for them, plus, how to rig the bucket???
Bob F wrote:
The 5 gal bucket trick is to fill it 3/4 up with water. Place a layer of
bird seed (oats) on the water..make a ramp with a board with a light
trail of the bird seed up the board...rodent works itself up the ramp
then drops down on to the birdseed in the bucket thinking it is solid
Better make sure that is a new shiny bucket. If there is any texture
on it at all they will just climb out. I am amazed at what the roof
rat can climb, I also had one eat a hole in a 30 gallon rubbermaid
trash can before I could get my pistol to shoot the little bastard I
had the top on it because one had jumped out already. (why I know the
three foot jump thing)
Rattus rattus is a very common pest here is SW Florida. They eat
pretty much everything people plant in their yards and a palm tree is
a rat condo. Of course an attic is the Taj Mahal. Once they eat a few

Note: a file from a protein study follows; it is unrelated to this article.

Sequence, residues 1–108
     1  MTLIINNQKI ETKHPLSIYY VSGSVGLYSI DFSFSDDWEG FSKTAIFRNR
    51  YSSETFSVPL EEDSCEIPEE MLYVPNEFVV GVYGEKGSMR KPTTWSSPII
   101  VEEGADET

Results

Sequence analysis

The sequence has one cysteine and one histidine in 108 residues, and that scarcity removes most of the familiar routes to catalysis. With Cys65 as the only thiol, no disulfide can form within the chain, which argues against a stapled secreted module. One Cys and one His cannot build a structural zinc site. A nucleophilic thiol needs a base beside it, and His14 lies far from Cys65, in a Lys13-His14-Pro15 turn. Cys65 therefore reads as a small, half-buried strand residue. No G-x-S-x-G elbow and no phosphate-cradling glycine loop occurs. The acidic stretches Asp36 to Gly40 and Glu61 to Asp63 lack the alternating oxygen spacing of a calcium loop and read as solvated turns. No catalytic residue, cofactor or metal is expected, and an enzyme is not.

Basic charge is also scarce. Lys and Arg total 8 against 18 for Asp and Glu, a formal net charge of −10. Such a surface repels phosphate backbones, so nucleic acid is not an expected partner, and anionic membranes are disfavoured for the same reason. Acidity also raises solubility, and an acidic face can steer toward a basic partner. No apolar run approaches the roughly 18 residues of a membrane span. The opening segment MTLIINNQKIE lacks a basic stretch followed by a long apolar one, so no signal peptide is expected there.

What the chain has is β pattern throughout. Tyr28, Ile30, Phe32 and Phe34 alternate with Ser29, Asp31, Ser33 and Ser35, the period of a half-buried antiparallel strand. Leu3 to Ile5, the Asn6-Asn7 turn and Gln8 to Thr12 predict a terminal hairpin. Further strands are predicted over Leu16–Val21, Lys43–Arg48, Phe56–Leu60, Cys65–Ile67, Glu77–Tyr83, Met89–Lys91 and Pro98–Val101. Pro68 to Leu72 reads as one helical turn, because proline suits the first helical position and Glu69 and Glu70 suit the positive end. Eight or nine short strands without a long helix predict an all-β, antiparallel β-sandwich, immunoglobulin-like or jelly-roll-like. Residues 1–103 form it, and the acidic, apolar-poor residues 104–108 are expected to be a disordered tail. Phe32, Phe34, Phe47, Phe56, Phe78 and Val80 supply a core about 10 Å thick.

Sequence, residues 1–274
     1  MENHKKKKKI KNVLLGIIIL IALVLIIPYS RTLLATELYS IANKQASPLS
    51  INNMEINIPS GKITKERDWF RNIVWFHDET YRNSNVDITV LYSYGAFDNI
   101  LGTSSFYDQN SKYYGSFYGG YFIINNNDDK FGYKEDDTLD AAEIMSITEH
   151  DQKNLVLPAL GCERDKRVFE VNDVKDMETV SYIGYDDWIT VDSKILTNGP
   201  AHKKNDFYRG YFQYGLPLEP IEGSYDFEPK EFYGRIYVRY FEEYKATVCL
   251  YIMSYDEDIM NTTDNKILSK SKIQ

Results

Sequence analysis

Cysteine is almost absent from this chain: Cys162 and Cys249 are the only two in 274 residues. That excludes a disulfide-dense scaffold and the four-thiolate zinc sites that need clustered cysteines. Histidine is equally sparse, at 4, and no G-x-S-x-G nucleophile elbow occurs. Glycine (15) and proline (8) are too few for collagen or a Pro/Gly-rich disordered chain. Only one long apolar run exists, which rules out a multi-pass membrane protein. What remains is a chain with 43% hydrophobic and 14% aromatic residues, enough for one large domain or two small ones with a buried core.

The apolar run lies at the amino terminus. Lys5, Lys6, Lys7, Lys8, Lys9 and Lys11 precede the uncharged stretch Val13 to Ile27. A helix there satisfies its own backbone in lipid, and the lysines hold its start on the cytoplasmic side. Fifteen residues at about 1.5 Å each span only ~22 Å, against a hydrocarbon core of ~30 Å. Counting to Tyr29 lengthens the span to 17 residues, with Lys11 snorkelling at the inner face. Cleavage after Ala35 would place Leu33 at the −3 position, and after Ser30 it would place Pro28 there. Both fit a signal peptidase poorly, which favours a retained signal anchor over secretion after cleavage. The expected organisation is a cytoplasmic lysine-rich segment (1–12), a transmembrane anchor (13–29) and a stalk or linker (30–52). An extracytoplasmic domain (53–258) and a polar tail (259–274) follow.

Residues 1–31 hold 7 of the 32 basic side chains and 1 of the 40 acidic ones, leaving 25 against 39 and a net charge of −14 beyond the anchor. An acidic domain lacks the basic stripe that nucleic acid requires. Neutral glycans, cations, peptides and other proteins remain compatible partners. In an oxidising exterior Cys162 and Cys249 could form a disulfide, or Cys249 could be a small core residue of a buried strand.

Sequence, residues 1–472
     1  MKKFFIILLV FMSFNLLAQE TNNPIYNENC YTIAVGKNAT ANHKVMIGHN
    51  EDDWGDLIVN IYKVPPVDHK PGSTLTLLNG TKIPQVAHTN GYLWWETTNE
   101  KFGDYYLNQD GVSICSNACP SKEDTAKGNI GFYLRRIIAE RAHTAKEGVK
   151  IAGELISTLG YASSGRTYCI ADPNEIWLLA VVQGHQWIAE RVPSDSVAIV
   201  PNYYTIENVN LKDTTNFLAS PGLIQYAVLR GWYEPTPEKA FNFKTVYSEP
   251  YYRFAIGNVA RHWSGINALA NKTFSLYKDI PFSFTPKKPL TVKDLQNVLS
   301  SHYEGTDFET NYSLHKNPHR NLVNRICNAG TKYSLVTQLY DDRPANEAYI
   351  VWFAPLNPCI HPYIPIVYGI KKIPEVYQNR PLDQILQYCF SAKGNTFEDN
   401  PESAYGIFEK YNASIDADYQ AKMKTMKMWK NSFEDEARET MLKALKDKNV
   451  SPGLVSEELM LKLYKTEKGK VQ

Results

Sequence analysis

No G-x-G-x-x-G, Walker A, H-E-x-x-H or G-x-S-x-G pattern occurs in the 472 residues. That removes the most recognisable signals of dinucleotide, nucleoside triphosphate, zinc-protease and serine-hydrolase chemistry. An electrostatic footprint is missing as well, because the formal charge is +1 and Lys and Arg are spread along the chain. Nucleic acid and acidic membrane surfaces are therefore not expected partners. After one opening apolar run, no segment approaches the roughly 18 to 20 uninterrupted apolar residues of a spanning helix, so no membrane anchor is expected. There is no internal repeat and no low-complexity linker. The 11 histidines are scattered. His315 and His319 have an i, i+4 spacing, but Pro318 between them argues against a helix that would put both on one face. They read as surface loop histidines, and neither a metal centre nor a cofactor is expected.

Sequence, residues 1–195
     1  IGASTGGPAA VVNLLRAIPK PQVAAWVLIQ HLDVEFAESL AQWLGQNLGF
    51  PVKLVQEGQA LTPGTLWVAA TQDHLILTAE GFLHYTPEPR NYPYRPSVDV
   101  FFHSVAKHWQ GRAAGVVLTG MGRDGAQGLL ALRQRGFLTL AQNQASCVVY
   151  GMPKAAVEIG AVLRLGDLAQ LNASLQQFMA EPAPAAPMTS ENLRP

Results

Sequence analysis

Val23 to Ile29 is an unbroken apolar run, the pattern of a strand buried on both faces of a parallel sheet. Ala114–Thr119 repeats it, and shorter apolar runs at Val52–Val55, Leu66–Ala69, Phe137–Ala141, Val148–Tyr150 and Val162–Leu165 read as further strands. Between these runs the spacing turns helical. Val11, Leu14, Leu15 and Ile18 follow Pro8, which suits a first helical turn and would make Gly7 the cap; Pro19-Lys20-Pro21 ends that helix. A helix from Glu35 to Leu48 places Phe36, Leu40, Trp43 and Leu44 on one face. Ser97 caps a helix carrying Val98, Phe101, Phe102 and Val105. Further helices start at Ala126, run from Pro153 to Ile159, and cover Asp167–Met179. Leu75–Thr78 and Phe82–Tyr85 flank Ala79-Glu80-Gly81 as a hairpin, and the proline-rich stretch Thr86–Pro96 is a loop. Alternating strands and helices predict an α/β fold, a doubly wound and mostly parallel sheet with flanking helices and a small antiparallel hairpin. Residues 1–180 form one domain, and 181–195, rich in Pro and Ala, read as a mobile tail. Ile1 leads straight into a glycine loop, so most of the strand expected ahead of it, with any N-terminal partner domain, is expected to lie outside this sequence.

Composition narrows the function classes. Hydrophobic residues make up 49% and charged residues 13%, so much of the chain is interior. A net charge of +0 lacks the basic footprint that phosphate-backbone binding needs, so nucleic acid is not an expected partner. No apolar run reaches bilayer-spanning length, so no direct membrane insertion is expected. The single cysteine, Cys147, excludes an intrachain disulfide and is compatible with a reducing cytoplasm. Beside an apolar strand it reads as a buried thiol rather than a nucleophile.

holes in the A/C ducts it is air conditioned up there.
All cats do is kill everything else that is eating the food on the
ground like birds, rabbits and squirrels so the only thing there to
eat it is the rats and a cat can't eat as fast as a rat can fuck.
Rats can also go places a cat can't. A roof rat could live his whole
life without ever touching the ground.
You show me a neighborhood overrun by cats and I will show you one
with a roof rat problem.
If you really want to control rats natutrally you want black racers or
rat snakes. They have no problem climbing trees and going into the
holes where rats live, eating all the babies. They will also take on
an adult if it shows up.
Cats will kill them too.
Rats are like any other uninvited guest. When you stop feeding
them, they will leave.